“Close your eyes, and picture an apple. Which color is it? Can you actually see it in your mind?”
I can’t count how many times I asked this question to someone. Even today, one year after discovering I have aphantasia, I still ask this question to every new person I meet.
But I won’t ever be tired of asking it. Because this question is, for most people, the link; the bridge; the way to a discovery. And I can’t even describe the amazing feeling I get when I see the little spark of curiosity in the eyes of the people I ask this question to. I won’t ever be tired of spotting this spark and making it grow with so many more questions—and answers.
And this is the reason behind everything I created about aphantasia during the past year.
Indeed, one year ago, I discovered I was aphantasic. Six months ago, I created a bilingual online community of aphants and a survey about aphantasia’s impacts on our daily lives. And finally, one month ago, I published a book about my experience and research. But more importantly: I joined an incredible community that I did not know existed, and I helped make aphantasia better known around the world. This was my mission, and I hope I succeeded.
Building A French Community
One of the first things I noticed when I discovered I had aphantasia was the lack of… pretty much everything. This imagery that we did not know we lacked of; the lack of information and research; and, above all, the lack of knowledge. Every conversation I had about this subject seemed holed because so many elements were missing; so many questions were left unanswered.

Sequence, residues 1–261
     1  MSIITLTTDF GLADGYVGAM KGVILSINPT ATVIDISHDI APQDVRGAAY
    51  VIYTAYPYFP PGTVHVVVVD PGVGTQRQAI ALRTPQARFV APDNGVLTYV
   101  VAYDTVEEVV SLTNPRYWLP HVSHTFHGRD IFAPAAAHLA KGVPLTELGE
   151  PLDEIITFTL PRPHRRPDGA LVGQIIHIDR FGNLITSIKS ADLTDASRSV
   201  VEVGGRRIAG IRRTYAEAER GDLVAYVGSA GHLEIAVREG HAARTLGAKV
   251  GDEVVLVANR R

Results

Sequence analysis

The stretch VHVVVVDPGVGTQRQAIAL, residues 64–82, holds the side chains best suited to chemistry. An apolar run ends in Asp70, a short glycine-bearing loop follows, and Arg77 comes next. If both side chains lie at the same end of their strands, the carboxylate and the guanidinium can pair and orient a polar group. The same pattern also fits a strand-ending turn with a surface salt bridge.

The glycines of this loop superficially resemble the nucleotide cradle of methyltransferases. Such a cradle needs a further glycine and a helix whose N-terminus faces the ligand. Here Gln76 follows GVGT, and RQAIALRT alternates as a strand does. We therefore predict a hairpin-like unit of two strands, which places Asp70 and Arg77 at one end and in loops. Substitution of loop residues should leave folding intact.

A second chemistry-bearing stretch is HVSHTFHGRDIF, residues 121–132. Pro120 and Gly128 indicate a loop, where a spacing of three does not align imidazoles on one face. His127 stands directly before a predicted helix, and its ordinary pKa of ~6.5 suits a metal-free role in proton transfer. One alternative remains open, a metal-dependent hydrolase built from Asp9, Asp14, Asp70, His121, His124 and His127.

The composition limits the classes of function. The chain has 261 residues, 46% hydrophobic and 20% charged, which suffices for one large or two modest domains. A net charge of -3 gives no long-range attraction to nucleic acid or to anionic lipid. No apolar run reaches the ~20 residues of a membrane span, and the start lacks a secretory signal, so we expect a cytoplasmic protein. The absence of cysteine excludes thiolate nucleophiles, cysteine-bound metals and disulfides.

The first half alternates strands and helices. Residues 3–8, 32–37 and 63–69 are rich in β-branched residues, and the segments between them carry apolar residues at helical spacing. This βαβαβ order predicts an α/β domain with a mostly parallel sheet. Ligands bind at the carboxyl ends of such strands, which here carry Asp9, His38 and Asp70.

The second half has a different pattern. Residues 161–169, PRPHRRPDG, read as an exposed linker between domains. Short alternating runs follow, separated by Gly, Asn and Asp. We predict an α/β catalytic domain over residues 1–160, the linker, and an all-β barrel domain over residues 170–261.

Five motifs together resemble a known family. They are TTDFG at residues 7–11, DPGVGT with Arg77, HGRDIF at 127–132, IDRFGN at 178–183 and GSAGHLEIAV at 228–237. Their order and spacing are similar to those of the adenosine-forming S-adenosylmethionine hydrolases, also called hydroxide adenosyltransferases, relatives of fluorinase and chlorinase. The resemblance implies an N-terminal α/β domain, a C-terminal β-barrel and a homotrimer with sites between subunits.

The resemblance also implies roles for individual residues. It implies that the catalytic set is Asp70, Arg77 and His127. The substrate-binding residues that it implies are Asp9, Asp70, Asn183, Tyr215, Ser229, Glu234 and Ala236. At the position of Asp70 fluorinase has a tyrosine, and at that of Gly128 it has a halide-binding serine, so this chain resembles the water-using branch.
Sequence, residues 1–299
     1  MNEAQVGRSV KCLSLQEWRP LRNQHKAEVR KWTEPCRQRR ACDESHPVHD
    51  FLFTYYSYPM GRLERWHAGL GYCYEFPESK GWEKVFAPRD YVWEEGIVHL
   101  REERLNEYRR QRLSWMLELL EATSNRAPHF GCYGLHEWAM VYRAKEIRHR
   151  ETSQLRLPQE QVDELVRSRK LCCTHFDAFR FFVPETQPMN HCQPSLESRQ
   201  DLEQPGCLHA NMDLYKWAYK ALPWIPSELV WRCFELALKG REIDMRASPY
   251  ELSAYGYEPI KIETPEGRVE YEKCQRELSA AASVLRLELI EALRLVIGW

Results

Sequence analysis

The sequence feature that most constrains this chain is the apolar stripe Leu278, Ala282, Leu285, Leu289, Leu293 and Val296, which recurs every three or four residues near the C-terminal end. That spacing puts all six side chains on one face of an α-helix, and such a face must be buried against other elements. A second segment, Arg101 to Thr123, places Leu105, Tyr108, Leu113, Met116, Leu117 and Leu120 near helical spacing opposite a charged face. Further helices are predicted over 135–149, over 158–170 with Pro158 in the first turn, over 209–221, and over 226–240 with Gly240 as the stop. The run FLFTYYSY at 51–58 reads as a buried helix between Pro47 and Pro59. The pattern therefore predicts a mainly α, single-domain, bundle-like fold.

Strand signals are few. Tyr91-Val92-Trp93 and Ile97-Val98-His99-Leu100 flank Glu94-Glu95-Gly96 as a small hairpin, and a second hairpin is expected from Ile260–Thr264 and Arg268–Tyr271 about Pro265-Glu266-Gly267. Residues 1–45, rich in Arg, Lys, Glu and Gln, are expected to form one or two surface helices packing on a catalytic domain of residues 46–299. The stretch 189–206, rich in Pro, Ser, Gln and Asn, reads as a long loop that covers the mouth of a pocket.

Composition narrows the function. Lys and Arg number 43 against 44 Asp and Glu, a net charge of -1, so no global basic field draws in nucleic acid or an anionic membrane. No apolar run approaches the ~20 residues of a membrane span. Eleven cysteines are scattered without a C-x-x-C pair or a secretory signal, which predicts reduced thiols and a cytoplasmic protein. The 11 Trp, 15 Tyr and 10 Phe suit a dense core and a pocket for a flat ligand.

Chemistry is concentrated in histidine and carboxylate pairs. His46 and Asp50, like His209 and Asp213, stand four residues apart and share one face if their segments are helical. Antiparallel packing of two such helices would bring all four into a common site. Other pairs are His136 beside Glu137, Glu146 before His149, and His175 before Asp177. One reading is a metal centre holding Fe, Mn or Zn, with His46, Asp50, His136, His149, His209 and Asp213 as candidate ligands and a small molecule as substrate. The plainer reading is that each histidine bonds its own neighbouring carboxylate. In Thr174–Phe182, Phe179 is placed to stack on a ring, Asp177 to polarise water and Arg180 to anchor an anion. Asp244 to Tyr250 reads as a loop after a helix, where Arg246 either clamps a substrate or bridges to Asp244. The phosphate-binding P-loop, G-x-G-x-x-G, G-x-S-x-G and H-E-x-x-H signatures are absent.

So I started to try and piece everything back together. I read every article, I watched every video, I spent hours on forums and websites, and I talked to everyone around me. But, soon enough, it wasn’t enough. I know I needed to do something. To act. I wanted to become one piece of the aphantasia puzzle; and I wanted this puzzle to be known by everyone around me, and everyone around the globe.
In order to do this, what’s better than a Twitter account? As a millennial, social media is something quite important in my life, and I knew immediately that Twitter would be a very useful tool to gather people interested in the same topic. A few hours later, @aphantasiaclub was born.
I created the whole visual identity myself, and I wanted it to be joyful. To be attractive and colorful; but serious at the same time. I wanted it to appeal to a maximum of people, because everyone can be an aphant. This is one of the best things about our community: it can resemble anyone and everyone.
And speaking of everyone: it was also very important to me that my account would reflect my bilingualism. I’m French, but I have been studying English for years at University, and so it just came naturally to me to start and post tweets in English as well as in French. This way, my work-in-progress community could be as rich as possible, and this was really the goal. I wished for my Twitter account to be a mix of people, of generations, with different backgrounds, nationalities and identities—a real “club”! And seeing today my daily notifications, I can tell you that this is exactly what I get from my 300+ followers.